In case you haven't seen it, Face the Ace is a new poker show on NBC. I'm not sure when it airs, and I can promise you I'm not going to try and find out.
The idea behind the show was exciting enough for me to tune in for the premiere: regular Joes with a shot at playing heads-up against the greatest poker players in the world for as much as $1 million.Unfortunately, NBC not only dropped the ball, they left it in their own end-zone and walked to the sidelines.
The host of the show, Steve Schirripa, is better known for being the badass Bobby Bacala on the Sopranos. That badass is now making jokes that makes Home Videos Bob Saget look like a comedic genious. Here's a clip from the show:
Somehow, NBC has managed to turn this badass gangster into a run of the mill game-show host. The best way to describe the show came from a friend of mine:
"It's basically a couple of guys who have no idea what they're doing, playing against a bunch of pros who don't want to be there."
From the stilted studio audience applause to the suspenseful Who Wants to be a Millionaire soundtrack, the whole show feels more like a crappy game show than poker in any way.
The first player ever on the show had about as much charisma as a doorknob. His conversation at the table with Ivey started out more labored and painful than a cross-country trip sitting next to the bathroom on a greyhound bus.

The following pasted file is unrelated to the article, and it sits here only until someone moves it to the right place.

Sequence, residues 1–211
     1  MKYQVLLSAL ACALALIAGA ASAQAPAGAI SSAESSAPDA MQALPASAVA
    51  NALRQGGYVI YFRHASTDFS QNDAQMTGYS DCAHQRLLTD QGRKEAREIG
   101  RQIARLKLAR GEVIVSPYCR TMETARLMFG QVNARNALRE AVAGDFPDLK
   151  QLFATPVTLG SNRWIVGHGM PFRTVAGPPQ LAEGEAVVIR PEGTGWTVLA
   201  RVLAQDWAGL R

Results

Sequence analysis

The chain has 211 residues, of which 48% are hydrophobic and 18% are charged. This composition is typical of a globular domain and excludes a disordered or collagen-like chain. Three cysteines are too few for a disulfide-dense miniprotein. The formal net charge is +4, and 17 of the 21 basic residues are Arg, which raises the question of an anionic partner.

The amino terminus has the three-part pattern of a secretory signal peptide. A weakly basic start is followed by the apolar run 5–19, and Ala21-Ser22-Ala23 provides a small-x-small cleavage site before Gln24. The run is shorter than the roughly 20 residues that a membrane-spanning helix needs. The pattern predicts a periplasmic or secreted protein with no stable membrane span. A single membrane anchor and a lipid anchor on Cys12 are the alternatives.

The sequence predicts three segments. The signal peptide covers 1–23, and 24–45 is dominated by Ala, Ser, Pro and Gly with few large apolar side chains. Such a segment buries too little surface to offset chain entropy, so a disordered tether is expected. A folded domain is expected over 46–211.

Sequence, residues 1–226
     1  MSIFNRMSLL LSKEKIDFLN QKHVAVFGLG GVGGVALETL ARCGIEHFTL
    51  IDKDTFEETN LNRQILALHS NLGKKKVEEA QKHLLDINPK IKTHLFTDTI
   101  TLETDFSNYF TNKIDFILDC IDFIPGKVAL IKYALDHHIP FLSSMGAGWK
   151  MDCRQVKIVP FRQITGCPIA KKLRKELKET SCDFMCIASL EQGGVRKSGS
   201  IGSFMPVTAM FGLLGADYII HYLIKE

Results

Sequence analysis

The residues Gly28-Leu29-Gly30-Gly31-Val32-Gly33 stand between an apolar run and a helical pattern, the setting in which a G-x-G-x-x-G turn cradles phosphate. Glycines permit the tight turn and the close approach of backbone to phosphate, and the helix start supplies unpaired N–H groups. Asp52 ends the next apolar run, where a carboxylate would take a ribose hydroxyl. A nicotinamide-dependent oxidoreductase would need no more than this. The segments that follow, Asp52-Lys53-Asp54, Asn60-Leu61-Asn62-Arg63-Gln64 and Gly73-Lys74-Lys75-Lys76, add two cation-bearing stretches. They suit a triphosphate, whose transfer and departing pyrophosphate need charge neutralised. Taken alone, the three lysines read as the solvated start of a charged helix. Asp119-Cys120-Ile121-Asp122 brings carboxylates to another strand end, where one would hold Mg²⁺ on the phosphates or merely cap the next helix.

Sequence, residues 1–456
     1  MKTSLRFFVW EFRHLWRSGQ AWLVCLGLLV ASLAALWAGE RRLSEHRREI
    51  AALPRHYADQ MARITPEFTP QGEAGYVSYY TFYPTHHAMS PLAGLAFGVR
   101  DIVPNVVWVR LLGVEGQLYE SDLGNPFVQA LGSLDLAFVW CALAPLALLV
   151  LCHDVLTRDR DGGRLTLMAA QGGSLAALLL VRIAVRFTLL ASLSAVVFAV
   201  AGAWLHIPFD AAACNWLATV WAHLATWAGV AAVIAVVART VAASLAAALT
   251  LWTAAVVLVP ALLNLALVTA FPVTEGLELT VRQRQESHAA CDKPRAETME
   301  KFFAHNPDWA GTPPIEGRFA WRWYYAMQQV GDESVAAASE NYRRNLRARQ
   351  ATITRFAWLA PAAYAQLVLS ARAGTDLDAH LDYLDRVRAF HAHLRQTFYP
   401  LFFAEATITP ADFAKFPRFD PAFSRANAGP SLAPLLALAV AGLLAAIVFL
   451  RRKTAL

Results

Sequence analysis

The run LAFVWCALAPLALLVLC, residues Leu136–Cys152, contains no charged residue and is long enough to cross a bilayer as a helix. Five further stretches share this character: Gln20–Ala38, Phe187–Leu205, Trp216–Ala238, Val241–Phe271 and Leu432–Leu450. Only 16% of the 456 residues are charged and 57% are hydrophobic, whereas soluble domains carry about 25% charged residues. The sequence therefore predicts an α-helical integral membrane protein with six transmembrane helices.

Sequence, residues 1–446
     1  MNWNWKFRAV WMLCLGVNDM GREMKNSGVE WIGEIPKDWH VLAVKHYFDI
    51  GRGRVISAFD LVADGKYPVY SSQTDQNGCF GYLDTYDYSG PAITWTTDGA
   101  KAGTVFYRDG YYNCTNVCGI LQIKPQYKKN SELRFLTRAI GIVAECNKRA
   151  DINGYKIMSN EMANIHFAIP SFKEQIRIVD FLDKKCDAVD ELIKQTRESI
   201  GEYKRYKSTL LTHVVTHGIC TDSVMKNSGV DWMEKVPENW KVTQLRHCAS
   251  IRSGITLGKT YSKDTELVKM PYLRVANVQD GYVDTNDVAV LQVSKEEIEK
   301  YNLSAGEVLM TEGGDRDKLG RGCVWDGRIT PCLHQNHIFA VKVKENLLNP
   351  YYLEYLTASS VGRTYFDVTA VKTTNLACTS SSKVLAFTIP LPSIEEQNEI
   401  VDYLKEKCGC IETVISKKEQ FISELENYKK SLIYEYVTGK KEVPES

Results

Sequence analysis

He then proceeded to needle Ivey (the greatest poker player in the world) by saying "I walked over to Binions. I didn't see your name on the wall up there, or your picture, for the world series."
He then decides to ask Ivey, "When you gonna win one?" Apparently Ivey's seven non Main-Event bracelets aren't worthy of as much respect as one Main Event win.
After getting dealt pocket aces and queens in the first three hands dealt, the competitor wins the $40k, takes his money and runs.
The second competitor defeats his first two opponents, and will come back next week to play for $1 million.
For a poker player, there' aren't a lot of reasons to watch the show. And the actual poker was less entertaining than watching the q-tips play $1-$3 spread-limit Stud at the Mirage.
For the non-poker player, I'm just not sure why they would care. The whole point of a game show is to play along at home, convinced all the contestants are morons.
If you can't yell out answers, such as "One dollar!" or "What is the Gettysburg Address?" what's the point of watching?
If poker players don't want to watch it, and non-poker players don't want to watch it, I'm just not sure what it's doing on TV. If I was a betting man, I'd say it won't be around for a second season - if it even makes it out of the first.